“We were trying to scale two lasers to provide 10 watts of power, the minimum necessary to get enough feedback to inform adaptive optics,” said Jay Dawson, the principle investigator in the later years of this project. Dawson has continued working on fiber laser technology in his current role as the NIF&PS acting deputy program director for DoD Technologies.
Because of the laser’s very specialized application, custom optical fibers needed to be developed. LLNL did this in collaboration with existing specialty optical fiber companies.
A New Fabrication Capability
“However, industry was very slow to manufacture the fiber we needed,” said Dawson. “They had little motivation, since few R&D fibers turn into significant commercial sales. We realized that if we wanted to advance fiber laser technology for a wide array of applications, LLNL would need its own fabrication capability.”
As a result, LLNL built its own 8.2-meter Fiber Draw Tower to fabricate the needed specialized fibers. In addition to meeting this need, the draw tower has been the key to success on other important projects. It enabled development of fiber-optic acoustic sensing fibers and the E-band fiber-optic amplifier, two technologies that are revolutionizing laser sensing and communications.
Since commissioning the Fiber Draw Tower, LLNL has applied NIF optics cleaning techniques to microstructured optical fibers to improve strength, loss, and reliability. LLNL also has developed consolidation and grinding processes to further open the design space for new optical fibers.
To correct ground-based telescopes with primary mirrors in the 30-meter-diameter range, laser guide stars will be essential. “However, a single guide star laser can only interrogate part of the telescope aperture,” said Pennington. “With the huge apertures we anticipate, it will take multiple guide stars to inform adaptive optics for everything the telescope collects.” But discriminating the feedback from each individual beam creates a challenge.
“One answer is to use pulsed laser guide stars, which allows discrimination by time,” said Pennington. This was the focus of the LLNL fiber guide star laser program.
Next stop, Lick Observatory
UC Santa Cruz astronomers plan to install the fiber-based sodium laser guide star at the Lick Observatory in the spring of 2019. It will be run alongside the existing dye-based sodium Laser Guide Star.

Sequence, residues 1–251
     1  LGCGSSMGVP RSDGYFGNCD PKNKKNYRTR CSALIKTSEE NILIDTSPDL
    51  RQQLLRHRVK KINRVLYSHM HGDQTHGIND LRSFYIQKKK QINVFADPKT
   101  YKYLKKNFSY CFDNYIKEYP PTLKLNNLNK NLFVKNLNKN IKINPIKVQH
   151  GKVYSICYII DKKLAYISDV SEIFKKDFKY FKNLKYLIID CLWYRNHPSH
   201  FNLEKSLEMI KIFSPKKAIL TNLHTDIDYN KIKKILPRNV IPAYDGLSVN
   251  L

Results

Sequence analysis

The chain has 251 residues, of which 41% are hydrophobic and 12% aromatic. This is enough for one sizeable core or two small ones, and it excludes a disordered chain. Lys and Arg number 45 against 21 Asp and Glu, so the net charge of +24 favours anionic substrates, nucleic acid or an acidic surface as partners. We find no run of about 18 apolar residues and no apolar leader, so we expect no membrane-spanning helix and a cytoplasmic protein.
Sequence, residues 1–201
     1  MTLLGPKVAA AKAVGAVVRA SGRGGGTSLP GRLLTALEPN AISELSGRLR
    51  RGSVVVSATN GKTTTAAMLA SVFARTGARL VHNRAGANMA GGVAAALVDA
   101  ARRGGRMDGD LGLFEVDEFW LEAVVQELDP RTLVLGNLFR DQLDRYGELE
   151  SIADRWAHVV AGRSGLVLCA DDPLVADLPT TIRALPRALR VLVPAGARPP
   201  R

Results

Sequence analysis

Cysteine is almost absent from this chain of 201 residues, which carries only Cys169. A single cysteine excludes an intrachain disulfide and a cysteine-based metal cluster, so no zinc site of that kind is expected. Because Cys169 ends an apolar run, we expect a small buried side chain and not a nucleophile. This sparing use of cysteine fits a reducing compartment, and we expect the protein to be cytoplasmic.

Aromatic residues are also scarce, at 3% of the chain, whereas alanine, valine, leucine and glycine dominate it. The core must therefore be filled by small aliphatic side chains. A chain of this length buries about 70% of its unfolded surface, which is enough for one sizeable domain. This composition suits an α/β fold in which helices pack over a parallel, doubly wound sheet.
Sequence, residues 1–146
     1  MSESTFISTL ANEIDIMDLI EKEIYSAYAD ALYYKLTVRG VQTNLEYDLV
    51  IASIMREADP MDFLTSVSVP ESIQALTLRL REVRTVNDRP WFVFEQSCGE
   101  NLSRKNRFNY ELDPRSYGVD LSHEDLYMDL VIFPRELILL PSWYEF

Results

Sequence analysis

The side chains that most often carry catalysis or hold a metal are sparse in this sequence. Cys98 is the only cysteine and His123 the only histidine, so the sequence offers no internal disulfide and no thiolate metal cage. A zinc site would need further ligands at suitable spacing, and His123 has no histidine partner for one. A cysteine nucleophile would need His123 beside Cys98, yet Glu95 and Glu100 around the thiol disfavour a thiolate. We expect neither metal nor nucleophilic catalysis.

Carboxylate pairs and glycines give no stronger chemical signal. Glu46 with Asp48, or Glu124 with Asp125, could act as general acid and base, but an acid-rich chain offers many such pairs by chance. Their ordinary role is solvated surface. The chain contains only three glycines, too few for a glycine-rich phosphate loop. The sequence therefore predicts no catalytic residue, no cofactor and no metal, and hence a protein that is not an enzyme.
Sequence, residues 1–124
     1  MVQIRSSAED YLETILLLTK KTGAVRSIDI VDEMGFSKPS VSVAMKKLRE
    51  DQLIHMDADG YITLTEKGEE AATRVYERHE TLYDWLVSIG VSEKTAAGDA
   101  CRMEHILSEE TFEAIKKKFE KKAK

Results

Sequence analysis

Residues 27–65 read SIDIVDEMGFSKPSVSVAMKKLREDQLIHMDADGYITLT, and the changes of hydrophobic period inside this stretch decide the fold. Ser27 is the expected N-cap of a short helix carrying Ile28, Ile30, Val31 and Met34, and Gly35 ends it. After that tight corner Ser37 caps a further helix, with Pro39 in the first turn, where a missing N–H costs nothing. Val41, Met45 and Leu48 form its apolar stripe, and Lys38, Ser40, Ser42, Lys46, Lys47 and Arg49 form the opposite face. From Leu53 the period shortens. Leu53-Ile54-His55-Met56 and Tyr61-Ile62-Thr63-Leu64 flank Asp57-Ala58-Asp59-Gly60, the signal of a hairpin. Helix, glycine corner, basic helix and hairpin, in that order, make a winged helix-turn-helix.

“We are pretty excited to see what happens when we integrate this fiber-based sodium laser guide star into our adaptive optics system at Lick,” Dillon said. “We think it will produce more detailed images that allow more precise measurements.”
This technology transfer to UC Santa Cruz has been a long time in the making. That journey also reflects the advances in fiber laser technology. “As a community, the progress we’ve made is amazing,” said Pennington.
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NIF and General Atomics engineers have created an inertial confinement fusion (ICF) fuel capsule with a 2-micron-diameter fill tube—and along the way, found a solution to a “Bay Bridge”-like dilemma that could have dramatically slowed the process of fabricating NIF capsules.
In November, NIF conducted the first test of a 2-micron tube used to inject hydrogen fuel into a target capsule. The tiny tube worked as designed and reduced the footprint of the 5- and 10-micron tubes that were shown to cause problems in NIF implosions.
The slim glass tubes also fit into fuel capsules made with a different technique, called pressure cycling, which was new for this application. That cut manufacturing time from a projected six months to about two days.
Both improvements are important steps toward achieving NIF’s stockpile stewardship mission; ICF is a key aspect of ensuring the safety, security, and reliability of the nation’s nuclear weapons.
“Now we’re going to see how much better it gets when you make the fill tube even smaller,” said Deputy Program Manager Michael Stadermann. “Going from 10 to five (in earlier experiments) was a big improvement in performance.”
The fill tubes are used to inject a deuterium and tritium (DT) fuel mixture into a peppercorn-sized spherical shell suspended inside a hohlraum. NIF’s 192 high-energy laser beams hit the hohlraum’s inner walls, generating x rays that trigger a fusion reaction as the DT mixture compresses into an energy-generating hot spot.
Perturbations Degrade Performance